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1A phosphorescent light seen hovering or floating at night over marshy ground, thought to result from the combustion of natural gases; ignis fatuus.
mirage, hallucination, apparition, phantasm, phantom, vision, spectre, fantasy, figment of the imagination, will-o'-the-wisp, trick of the lightView synonyms
- ‘Pale blue light, the colour of Egewe's hair or a will-o'-the-wisp, filled the room.’
- ‘When lit, the cloth can be made to dance like a will-o'-the-wisp in the dark - a stunt that would definitely not amuse a modern fire marshal.’
- ‘I saw it now, a dull orange will-o'-the-wisp bobbing and winking through the trees.’
- 1.1 A person or thing that is difficult or impossible to find, reach, or catch.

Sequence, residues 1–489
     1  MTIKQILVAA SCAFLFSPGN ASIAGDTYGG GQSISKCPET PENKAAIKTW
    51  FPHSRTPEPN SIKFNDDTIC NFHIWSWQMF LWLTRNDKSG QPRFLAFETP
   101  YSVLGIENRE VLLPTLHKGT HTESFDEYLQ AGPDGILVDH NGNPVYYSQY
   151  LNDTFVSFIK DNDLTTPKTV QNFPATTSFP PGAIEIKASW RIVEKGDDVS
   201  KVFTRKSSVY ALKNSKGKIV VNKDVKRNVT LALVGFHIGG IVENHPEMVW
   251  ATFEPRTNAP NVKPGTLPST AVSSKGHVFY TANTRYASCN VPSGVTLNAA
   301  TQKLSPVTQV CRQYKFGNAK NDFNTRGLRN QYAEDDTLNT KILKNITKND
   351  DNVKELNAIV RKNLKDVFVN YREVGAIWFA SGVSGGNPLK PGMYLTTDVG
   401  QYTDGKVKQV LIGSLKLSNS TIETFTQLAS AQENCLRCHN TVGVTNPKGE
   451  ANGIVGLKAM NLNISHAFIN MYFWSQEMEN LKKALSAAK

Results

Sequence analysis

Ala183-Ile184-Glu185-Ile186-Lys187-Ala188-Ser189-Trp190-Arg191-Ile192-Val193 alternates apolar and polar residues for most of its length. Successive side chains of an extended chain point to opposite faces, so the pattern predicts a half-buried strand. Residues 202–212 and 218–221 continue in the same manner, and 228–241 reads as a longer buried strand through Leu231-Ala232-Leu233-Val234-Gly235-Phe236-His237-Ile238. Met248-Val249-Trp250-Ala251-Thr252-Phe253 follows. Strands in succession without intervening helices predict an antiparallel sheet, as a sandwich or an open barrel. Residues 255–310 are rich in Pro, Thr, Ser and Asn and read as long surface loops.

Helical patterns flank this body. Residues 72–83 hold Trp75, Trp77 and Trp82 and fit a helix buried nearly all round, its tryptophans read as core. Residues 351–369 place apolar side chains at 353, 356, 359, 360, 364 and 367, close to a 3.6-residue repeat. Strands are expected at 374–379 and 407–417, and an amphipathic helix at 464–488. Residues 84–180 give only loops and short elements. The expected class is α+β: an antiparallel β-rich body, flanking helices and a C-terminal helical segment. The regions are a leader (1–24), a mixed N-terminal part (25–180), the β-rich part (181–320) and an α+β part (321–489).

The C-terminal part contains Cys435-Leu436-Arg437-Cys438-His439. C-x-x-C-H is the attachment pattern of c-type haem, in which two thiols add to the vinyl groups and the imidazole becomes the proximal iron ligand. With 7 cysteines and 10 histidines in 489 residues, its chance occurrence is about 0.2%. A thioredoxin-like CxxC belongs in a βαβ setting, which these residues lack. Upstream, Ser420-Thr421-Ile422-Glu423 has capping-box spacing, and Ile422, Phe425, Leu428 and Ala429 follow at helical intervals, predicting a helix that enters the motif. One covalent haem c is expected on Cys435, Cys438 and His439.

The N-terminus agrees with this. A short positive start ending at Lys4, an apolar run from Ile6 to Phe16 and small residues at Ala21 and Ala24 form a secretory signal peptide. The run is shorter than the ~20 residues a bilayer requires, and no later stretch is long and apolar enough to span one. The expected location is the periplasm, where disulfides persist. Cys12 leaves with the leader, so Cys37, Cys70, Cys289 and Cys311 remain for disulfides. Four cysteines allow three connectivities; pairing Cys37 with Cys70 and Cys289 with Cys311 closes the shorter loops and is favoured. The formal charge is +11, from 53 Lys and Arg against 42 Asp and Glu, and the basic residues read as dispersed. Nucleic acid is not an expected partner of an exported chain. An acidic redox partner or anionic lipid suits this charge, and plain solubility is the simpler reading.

- ‘When confronted by the sacraments crisis, Louis XV had tried desperately to avoid treading on clerical toes and had pursued the will-o'-the-wisp of a ‘third way’ that could unite moderates against the fanatics on both sides.’
- ‘He was a will-o'-the-wisp, more of a concept than a man.’
- ‘And yet if a writer succeeds in catching the will-o'-the-wisp she will go on existing, elusive and transformed, in the character she has created.’
- ‘As the years passed, he became even more of a will-o'-the-wisp; not to be pinned down; difficult to track.’
- ‘She strained ever harder, blocking out all distractions, chasing a will-o'-the-wisp through uncharted paths in her own mind.’
Early 17th century: originally as Will with the wisp, the sense of wisp being handful of (lighted) hay.
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